In a lonely world, brotherhood in the Church really means something. Everyone needs to be loved. Everyone needs to be needed. Everyone has some kind of talent and wants to use it. Somehow in the magic of this marvelous organization you can find your place and make your contribution. When you serve, you find purpose to life. The Church hath need of every member. (See D&C 84:110.) You need not be alone. We are a busy and active people and love to serve each other. Whether you are young or old, married or single, you are needed in the Church. You get involved in wholesome activities that build and strengthen friendships.

People live longer nowadays. There are more older people. You who are older are not left without something to do. We need the power and energy of youth. We also need the wisdom of age. Classes need both teacher and students. You never cease to learn in the Church. We need you. Many people work in the temple each day. The temple environment is next to heaven itself, and you associate among the best.

Despite medical marvels, ill health and early death still rob men not only of life but of the zest for life. We are a healthy people. I quote briefly from a recent report in the Washington, D.C. Post: “Mormons neither drink nor smoke, and they stress clean living. They also die of cancer at half the rate of other Californians. This is not surprising, since many cancers—especially cancer of the lungs, one of the biggest killers—have been linked to tobacco and alcohol.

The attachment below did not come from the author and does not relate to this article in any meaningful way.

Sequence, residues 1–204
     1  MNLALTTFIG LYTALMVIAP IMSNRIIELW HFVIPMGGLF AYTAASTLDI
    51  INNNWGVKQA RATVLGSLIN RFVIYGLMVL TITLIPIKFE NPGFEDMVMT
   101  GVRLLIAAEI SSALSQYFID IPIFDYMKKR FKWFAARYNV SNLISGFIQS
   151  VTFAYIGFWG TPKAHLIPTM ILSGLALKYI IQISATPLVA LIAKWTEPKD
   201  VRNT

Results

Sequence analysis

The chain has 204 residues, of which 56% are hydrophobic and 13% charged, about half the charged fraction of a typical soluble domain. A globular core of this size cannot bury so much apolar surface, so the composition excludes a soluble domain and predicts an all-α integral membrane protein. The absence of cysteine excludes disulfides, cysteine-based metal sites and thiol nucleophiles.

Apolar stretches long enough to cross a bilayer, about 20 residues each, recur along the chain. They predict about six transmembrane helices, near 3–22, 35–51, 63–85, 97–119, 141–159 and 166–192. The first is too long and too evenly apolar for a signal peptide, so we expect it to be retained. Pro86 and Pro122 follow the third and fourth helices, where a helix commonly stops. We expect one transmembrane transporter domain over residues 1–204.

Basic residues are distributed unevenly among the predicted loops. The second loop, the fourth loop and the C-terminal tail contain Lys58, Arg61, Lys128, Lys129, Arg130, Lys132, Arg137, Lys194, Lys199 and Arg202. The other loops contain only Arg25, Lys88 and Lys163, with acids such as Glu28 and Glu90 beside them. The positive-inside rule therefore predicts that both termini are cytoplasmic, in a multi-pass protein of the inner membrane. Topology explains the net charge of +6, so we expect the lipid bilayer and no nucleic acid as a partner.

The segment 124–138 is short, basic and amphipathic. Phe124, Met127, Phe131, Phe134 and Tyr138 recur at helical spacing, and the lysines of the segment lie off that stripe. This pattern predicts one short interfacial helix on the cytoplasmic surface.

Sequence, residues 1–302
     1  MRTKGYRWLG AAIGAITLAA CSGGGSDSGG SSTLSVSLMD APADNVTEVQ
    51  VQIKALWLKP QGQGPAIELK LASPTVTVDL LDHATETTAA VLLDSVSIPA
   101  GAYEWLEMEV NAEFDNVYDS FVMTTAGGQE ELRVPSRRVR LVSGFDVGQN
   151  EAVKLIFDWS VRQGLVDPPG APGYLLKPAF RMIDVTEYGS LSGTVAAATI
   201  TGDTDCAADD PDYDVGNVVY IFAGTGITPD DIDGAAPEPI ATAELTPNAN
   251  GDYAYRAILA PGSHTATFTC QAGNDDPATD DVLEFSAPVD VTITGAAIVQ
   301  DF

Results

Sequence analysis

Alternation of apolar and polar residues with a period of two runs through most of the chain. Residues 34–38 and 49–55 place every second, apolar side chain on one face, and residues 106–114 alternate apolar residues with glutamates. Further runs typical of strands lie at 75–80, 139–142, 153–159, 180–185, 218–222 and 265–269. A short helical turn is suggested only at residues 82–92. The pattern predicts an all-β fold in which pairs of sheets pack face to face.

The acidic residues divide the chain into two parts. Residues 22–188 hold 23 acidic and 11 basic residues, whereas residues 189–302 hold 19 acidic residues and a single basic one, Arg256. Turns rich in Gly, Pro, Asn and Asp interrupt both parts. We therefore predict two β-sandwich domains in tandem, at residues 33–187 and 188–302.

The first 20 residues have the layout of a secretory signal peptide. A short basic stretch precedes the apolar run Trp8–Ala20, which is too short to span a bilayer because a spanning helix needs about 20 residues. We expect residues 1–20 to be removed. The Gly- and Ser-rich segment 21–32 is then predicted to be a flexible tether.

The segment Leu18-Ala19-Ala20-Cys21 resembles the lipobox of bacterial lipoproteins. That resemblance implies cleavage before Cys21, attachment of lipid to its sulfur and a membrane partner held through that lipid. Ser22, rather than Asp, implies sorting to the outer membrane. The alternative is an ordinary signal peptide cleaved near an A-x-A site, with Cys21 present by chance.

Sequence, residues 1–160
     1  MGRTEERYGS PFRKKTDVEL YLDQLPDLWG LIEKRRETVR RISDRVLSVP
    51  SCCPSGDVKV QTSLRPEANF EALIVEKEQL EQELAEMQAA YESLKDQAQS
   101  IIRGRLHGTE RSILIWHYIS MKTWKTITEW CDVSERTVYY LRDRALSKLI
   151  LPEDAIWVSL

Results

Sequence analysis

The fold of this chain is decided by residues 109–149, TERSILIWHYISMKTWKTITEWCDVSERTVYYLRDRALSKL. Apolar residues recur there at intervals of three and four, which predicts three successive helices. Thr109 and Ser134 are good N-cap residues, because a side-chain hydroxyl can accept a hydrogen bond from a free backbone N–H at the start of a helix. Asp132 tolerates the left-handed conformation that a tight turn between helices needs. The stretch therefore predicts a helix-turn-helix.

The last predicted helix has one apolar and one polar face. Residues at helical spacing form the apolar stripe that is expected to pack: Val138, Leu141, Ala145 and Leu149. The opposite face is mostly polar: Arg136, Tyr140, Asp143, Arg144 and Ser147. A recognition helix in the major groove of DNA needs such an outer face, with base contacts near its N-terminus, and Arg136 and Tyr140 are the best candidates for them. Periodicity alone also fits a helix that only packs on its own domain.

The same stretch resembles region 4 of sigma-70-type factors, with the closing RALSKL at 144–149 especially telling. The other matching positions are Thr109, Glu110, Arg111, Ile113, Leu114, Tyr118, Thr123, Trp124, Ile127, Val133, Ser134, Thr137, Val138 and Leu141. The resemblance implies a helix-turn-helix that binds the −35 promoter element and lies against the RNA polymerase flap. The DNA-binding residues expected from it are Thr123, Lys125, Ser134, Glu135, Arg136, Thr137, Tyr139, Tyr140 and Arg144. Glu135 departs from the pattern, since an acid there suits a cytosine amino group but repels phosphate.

“Moreover, among Mormons in Utah, the annual cancer rate is approximately 2 Mormons for every 3 non-Mormons.” (“Lower Cancer Toll Is Found for Mormons in Calif. Study,” Nov. 18, 1974.)

Dr. Harry Schwartz, professor of the College of Physicians and Surgeons, has said, “Statistics show Utah is the healthiest state in the 48, if not the entire union. If you believe the statistics, any sensible person would pack up and move to Utah.” He suggested three areas which might be looked into as part of the explanation—the Mormon dietary laws, genetics, and the lack of poverty. (Salt Lake Tribune, Sept. 21, 1974.) Our health record is unusual.

We believe and obey a revelation from God. It says “wine or strong drink … is not good. … Tobacco is not for the body, … hot drinks (meaning tea and coffee) are not for the body.” (D&C 89:5–9.) Obedience to this law qualifies us to receive the promised blessings: we shall receive health, wisdom, strength, and protection. (See D&C 89:18–21.) We do not worry. We have an inner peace and quietude. Even knowing the calamities we may face, we know we will have the promised blessings and protection of the Lord.